Courts take domestic violence accusations seriously. The primary concern when someone makes a complaint is keeping the complainant safe, even though the accused person hasn’t been convicted yet. One way this occurs is through restraining orders, which can include several points.
The purpose of a restraining order is to prevent the alleged abuser from having contact with the victim. It provides specific conditions to make this happen, and there are consequences for not abiding by the order.
Seriousness of accusations
For a judge to issue a temporary restraining order, there has to be a valid reason. The judge must believe the victim’s claims enough to believe that the order is necessary. Issuing temporary orders without the alleged abuser present is possible. This is known as an ex parte order.
A temporary restraining order is valid until the hearing for the permanent injunction. This is usually done within 10 days, and it requires the parties to go to court to present their respective sides of the matter. If the judge feels that there is enough evidence, they will issue the permanent restraining order. There is no expiration date on this. The only way to cancel this order is filing a petition and having a judge agree to the modification.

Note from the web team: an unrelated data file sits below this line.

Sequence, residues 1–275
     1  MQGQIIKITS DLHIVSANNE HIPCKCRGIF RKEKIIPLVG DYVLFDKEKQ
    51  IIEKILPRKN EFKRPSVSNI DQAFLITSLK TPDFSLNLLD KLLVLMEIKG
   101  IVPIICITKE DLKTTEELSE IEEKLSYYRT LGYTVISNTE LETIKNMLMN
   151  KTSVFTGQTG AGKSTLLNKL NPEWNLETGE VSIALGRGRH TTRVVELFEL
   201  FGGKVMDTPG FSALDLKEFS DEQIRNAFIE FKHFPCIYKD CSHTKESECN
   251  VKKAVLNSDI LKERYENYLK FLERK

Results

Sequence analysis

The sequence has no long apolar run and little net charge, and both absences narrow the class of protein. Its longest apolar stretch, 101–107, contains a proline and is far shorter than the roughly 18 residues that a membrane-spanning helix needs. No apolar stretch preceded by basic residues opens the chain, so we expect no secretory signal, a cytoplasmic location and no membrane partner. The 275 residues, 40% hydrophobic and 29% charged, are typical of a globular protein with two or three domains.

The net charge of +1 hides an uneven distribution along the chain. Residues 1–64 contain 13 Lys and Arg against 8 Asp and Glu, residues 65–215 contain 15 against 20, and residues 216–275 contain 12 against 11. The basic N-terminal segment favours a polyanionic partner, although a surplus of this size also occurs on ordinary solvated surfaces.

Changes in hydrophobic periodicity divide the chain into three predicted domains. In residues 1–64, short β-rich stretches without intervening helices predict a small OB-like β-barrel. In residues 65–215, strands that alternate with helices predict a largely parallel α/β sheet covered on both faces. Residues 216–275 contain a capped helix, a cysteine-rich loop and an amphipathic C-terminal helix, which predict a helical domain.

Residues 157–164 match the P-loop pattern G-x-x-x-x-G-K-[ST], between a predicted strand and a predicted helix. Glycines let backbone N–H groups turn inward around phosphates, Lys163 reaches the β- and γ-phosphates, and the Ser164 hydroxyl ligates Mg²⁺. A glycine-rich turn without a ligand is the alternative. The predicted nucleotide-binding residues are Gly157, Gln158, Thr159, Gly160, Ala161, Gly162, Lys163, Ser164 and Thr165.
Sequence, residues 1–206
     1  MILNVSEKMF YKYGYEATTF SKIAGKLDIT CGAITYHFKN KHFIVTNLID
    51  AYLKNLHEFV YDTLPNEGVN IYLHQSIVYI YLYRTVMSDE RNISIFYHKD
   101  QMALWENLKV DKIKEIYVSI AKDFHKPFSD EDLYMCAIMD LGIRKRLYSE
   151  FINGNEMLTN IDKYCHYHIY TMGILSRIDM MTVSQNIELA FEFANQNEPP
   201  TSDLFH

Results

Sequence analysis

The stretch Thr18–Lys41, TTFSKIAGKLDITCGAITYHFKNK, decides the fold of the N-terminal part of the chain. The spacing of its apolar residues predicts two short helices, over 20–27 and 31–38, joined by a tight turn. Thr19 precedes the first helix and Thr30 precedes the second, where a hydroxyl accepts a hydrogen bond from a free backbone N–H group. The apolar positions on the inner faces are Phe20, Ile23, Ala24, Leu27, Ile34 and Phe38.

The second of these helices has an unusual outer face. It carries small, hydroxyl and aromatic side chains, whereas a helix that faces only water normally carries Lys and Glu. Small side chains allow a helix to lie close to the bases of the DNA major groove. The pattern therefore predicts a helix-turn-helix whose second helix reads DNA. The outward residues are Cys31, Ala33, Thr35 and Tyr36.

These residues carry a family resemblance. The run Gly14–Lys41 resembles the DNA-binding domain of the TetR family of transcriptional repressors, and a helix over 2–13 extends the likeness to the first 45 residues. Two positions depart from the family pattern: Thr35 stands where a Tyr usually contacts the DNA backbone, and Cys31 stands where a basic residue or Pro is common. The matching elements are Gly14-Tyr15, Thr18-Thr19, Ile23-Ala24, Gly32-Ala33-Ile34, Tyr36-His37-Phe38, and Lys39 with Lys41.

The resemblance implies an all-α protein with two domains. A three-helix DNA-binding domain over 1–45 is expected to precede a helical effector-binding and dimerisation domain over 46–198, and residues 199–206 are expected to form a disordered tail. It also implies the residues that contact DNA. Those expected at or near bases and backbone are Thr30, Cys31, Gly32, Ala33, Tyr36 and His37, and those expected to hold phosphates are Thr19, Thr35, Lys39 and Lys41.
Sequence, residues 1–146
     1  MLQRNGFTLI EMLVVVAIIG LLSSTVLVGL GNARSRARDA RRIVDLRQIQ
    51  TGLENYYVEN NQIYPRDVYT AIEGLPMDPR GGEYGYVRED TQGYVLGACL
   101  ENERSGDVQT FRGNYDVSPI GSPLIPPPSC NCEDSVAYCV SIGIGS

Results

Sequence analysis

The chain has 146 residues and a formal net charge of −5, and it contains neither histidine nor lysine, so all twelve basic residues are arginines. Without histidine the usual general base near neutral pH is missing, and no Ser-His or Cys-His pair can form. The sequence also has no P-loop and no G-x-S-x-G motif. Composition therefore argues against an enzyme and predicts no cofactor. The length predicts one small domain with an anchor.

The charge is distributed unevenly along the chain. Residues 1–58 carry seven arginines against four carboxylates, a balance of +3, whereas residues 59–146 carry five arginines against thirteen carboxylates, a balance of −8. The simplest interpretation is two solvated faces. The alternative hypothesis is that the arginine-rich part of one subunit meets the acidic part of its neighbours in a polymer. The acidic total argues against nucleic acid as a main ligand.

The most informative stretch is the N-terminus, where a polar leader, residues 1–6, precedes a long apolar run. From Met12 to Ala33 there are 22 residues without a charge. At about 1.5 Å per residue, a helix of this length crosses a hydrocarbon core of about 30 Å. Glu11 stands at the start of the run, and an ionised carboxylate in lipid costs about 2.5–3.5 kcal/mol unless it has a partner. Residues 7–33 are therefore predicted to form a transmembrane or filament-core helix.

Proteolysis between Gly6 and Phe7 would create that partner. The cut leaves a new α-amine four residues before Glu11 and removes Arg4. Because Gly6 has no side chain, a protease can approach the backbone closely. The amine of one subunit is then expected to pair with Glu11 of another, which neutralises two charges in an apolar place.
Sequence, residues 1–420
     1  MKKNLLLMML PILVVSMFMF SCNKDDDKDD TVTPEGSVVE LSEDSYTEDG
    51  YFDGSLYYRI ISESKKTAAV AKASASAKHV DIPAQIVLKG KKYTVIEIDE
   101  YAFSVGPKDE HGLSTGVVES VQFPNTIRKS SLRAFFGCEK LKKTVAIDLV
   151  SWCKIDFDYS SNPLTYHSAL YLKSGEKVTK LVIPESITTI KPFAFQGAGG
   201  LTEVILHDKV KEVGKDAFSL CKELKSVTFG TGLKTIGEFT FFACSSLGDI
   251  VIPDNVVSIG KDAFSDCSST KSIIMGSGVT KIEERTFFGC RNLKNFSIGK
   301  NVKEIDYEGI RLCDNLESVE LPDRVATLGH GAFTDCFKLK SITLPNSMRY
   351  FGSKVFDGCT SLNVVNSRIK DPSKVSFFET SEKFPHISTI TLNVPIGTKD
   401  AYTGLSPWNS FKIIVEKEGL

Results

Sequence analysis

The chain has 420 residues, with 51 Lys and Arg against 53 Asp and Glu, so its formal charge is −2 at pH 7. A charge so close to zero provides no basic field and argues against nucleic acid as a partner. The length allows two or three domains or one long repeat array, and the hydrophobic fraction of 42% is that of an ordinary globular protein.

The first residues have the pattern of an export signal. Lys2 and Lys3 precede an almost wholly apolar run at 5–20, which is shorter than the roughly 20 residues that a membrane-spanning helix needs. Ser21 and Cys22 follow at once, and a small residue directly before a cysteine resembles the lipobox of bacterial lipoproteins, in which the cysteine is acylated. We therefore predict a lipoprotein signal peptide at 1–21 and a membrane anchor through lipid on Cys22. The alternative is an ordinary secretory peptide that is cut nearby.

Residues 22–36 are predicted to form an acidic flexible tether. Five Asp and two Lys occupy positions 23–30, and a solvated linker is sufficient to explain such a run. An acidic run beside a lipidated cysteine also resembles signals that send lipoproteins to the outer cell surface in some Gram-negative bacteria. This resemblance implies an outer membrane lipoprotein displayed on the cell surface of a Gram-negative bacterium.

Terms of the restraining order
The primary purpose of a restraining order is keeping the abuser away from the victim. A police offer would have to escort them to pick up their belongings. They will have to stay a specific distance from the victim and can’t have any contact with them. It can address weapons by forbidding the accused person from having them. An exception might be possible if the person is a service member or police officer who has a duty weapon, but they could only carry it while they are working.
A temporary order can have terms for child custody and possession of the home. It may set terms for supervised parenting time or specific requirements for unsupervised visits if the court feels the person isn’t a threat to the kids. Other conditions can also occur in the final order. These include requirements for domestic violence counseling, financial support, psychiatric evaluation and court monitoring.
Claims of domestic violence must only occur when the facts point to the crime because severe consequences are possible. A person accused of this can face civil legal issues, but criminal charges can also follow. The victim then has to show what happened during the incident in question.